We have used Silk Road Travels of Hong Kong (http://www.the-silk-road.com/travel.html) to organize individual tours of China. They are not that expensive for custom tours. However, I think that if you specifically request a culinary trip, that would definitely add to the cost. Or, you are ask for no dinners and just plan your own meals.

          3. s
            Steve Dec 23, 2009 05:02 PM

            My guess is that you could go on this trip and break away from the group for dinner on your own. Food is really, really, cheap, so it's not like it will cost you a lot, especially if you want to explore non-touristy places. It seems like in most cases you will be having dinner in the city where you're staying, so it should be easy to venture off on your own. And cabs are dirt cheap, so you can go off to entirely different neighborhoods and get a better 'sense of place' instead of just sticking to the most touristed route. I am almost positive it will drive you crazy just to stick with the group meals all the time, and you'll really miss out on a lot of deliciousness.

            PS - does anyone really need to be 'guided' around Shanghai?

            3 Replies
            1. re: Steve
              PeterL Dec 25, 2009 04:02 PM

              Aside from the big cities, I'd say it's probably impossible for anyone to "break away" from a tour. Tour schedules are usually very tight. You get to hotels around 7 or even later, and have early wake up calls. If food is very important, one should really do independent touring.

              1. re: PeterL
                PeterL Dec 27, 2009 09:28 AM

                I want to amend my reply as I have gone on several organized tours of China. One of the main concerns of tour guides is the safety of tour members. They are obsessive about counting heads at every turn, as people do get lost. I am sure they would be very concerned about tour members who want to break away to do their own thing. That would just add to their headaches. Except for free times specified I would not recommend breaking away from the tour.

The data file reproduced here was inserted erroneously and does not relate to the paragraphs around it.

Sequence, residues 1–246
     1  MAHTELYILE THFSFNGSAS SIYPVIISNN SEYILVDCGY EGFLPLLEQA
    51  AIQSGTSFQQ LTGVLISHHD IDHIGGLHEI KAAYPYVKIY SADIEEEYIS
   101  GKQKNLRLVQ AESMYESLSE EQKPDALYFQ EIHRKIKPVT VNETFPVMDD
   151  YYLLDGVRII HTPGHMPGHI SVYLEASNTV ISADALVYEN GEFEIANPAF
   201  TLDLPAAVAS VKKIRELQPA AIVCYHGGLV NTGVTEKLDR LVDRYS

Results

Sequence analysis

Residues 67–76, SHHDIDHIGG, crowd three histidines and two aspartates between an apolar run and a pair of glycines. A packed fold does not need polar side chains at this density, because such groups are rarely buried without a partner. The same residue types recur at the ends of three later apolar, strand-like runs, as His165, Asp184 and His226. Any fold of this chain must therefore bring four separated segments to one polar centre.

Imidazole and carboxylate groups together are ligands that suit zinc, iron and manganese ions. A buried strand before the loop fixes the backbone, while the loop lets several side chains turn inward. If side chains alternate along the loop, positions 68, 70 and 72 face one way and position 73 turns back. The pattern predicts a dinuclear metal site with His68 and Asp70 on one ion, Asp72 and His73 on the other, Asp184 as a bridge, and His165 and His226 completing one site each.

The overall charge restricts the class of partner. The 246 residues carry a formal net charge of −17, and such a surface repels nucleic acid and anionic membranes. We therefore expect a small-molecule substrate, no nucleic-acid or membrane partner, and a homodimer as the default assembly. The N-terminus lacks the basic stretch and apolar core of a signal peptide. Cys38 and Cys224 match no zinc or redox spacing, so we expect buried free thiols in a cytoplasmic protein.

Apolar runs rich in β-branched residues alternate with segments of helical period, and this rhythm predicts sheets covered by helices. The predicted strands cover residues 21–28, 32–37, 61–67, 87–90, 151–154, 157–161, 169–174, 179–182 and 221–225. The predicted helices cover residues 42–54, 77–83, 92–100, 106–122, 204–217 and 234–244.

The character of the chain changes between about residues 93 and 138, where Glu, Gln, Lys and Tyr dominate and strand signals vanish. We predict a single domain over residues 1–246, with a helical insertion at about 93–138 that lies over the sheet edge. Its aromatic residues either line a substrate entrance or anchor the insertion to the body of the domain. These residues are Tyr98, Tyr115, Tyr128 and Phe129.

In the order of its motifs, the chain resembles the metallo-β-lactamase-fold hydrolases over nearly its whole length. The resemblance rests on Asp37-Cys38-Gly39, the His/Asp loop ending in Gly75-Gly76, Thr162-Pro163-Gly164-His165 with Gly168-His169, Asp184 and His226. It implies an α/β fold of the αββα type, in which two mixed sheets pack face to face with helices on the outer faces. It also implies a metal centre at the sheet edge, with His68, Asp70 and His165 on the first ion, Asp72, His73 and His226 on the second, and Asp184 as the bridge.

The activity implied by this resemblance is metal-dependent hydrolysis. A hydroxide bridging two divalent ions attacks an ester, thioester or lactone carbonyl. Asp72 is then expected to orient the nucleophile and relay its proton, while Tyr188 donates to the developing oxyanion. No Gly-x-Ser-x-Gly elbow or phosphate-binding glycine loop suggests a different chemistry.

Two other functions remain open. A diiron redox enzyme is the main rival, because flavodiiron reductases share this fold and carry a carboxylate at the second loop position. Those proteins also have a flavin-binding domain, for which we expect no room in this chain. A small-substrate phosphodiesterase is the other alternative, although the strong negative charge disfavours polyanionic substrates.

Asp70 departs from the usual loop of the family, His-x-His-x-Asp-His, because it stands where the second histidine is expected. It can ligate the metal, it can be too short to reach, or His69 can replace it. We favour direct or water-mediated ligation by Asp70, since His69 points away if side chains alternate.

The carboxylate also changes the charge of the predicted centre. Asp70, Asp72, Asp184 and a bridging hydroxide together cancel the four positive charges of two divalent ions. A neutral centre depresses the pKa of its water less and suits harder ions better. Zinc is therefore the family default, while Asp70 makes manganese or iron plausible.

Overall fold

BTW this tour sounds interesting and goes to places that I have not been before.

                1. re: PeterL
                  s
                  Steve Dec 27, 2009 10:31 AM

                  You may be right. If 'breaking away' sounds like an interesting option to the OP, it's best to check with the tour company before booking.

            2. i
              Indy 67 Dec 23, 2009 09:33 AM

              When my husband and I travel as part of a tour group, we deliberately look for options that offer the fewest lunches and dinners included as part of the package. With the exception of the last day in Shanghai, your meals are all included. That suggests that this tour operator is trying to appeal to risk averse travelers, folks who are unwilling to venture to any restaurant independently. Taking that a step further, the restaurants, or, more specifically, the menus may be among the most cautious. On the basis of food alone, and in spite of the appealing itinerary, I'd keep looking at other tour providers or be prepared to venture out on your own occasionally in spite of the fact that you've paid for essentially all your meals.